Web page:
Belinda: What compelled you to adapt Brixton Rock for the stage?
Kolton: I was compelled to adapt Brixton Rock for the stage firstly because on reading the book I immediately fell in love with it. It’s not only a very human story but it particularly touched me for a number of other and personal reasons. Not only did I personally know a number of the locations mentioned in the book but like the central character – Brenton Brown – I too grew up in care. And so a lot of the thoughts and feelings expressed in the book I could immediately relate to. And then there was the time the book was set, 1980; this is such an important time in British social history and yet, we never see or hear anything about this time in the context of fictional story telling. If we do, it certainly isn’t from the perspective of someone black and British. So, for all these reasons I wanted to put this story out there in another context, with my own spin and take on it. Of course the process of adaptation is about taking an original work and filtering through your own voice so that it becomes a different piece of work. In doing this the play for me is about ‘dysfunction’ and the many guises in which we see ‘dysfunction’.
Belinda: This is your second piece for theatre and of course, you have directed two feature films, how does writing for the stage differ to writing for the screen for you as a writer/director of both mediums?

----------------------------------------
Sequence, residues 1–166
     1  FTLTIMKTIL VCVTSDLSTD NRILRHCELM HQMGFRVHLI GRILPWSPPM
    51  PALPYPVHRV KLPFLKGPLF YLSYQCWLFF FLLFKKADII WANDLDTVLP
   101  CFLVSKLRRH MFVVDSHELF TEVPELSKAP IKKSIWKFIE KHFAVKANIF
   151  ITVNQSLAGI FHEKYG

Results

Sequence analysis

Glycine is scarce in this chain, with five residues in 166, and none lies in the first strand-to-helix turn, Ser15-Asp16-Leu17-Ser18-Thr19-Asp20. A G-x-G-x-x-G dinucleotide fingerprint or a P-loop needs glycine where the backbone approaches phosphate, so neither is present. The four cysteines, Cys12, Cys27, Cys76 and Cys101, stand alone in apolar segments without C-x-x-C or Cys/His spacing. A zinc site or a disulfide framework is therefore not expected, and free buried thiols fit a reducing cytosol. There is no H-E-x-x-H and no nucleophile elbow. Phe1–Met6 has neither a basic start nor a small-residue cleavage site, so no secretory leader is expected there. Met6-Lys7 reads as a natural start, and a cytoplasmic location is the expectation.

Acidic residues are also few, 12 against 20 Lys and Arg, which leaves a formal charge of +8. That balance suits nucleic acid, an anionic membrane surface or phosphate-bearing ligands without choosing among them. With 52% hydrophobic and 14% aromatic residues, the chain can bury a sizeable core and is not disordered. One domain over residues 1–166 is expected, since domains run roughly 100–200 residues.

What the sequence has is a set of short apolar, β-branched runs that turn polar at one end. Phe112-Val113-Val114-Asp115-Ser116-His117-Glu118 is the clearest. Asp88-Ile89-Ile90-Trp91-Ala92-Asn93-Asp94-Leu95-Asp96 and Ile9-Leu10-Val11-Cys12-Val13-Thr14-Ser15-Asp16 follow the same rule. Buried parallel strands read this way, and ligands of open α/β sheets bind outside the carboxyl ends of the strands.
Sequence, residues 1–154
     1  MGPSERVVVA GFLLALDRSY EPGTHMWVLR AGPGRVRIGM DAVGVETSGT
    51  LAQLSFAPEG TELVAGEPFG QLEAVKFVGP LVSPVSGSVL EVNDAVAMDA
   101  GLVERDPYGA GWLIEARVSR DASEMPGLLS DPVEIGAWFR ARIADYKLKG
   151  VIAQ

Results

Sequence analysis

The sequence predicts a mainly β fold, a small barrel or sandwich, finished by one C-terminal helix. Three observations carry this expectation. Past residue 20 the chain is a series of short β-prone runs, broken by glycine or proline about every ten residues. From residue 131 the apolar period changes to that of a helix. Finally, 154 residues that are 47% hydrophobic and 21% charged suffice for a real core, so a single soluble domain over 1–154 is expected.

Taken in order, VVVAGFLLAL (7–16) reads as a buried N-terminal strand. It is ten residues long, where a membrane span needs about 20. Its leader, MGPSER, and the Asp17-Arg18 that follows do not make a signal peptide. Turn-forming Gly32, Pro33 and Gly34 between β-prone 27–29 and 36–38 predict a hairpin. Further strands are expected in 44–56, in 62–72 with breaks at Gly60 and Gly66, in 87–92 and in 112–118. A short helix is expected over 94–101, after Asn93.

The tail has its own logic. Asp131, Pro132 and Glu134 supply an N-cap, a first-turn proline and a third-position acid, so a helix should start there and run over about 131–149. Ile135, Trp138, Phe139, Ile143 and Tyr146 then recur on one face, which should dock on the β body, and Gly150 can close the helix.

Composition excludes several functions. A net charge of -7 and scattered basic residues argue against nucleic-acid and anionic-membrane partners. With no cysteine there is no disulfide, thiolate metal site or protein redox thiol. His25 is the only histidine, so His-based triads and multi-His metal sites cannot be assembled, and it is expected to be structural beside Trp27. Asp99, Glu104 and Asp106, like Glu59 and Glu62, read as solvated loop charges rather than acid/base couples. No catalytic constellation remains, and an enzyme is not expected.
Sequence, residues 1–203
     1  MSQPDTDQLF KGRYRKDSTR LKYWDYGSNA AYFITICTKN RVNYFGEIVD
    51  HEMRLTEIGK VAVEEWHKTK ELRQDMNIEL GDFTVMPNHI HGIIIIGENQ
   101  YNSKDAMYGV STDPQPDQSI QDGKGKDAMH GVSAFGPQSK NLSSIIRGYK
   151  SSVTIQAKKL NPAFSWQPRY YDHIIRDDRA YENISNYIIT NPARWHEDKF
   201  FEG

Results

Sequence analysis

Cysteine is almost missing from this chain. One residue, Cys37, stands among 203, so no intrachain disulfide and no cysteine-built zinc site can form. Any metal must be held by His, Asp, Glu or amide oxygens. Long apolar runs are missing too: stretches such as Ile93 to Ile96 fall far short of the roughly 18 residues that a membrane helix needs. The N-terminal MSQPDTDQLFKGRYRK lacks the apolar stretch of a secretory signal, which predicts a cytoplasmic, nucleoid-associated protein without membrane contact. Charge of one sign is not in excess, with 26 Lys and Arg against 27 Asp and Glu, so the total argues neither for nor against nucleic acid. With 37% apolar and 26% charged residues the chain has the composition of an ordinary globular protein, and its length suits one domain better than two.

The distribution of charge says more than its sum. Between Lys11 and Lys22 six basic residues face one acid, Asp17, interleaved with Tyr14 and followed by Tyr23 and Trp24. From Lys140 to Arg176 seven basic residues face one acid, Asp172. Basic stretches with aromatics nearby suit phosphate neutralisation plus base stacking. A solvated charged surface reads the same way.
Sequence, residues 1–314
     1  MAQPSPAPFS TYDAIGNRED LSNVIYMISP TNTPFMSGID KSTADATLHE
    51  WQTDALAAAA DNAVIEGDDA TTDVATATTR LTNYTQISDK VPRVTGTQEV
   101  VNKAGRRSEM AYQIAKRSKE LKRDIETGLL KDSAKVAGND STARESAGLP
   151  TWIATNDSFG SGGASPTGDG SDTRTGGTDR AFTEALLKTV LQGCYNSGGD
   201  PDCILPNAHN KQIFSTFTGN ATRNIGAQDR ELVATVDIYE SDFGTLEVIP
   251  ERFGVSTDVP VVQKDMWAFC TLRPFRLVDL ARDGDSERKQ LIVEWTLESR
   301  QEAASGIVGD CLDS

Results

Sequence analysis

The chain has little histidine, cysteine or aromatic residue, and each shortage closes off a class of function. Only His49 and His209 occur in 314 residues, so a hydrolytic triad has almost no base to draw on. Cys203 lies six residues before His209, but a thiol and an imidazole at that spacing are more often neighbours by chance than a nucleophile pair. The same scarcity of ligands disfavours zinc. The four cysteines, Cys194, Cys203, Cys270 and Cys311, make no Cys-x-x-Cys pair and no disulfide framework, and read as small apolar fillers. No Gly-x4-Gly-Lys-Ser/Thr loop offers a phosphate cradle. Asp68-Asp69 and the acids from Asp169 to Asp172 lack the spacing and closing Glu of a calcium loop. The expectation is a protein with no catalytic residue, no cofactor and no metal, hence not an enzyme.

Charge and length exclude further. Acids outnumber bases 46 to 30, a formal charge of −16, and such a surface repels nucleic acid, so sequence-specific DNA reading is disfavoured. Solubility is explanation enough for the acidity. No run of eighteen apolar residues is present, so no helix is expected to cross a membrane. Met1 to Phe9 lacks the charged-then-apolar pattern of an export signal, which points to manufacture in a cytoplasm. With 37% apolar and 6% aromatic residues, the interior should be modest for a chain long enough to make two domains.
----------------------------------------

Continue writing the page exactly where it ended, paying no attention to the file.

Kolton: I would say two things to answer this question: one is that, for me, writing for the theatre is the very real process of the exploration of ideas. That’s not to say that films are devoid of ideas but the truth is that the film industry, in my experience, is inherently more conservative than the world of theatre. In practical terms, what that means is that it is difficult to find the money to tell certain stories or explore certain ideas because films are expensive to make and it would be deemed that certain ideas or stories are not financially viable. However, in the world of theatre it seems there is a broader palette for what is viable as a story that can be explored. There is much more of an onus on ‘entertainment’ in film. Again, that’s not to say that theatre shouldn’t be about ‘entertainment’. ‘Ideas’ and ‘entertainment’ are, clearly, prevalent in both cinema and theatre but for me, I find theatre a more satisfying context to write in if I want to really get into and excavate an idea. The second reason for this approach I guess is that the nature of the story telling is different in theatre. In theatre, drama is almost exclusively carried through dialogue. And this of course lends itself to a certain depth of articulation when exploring ideas.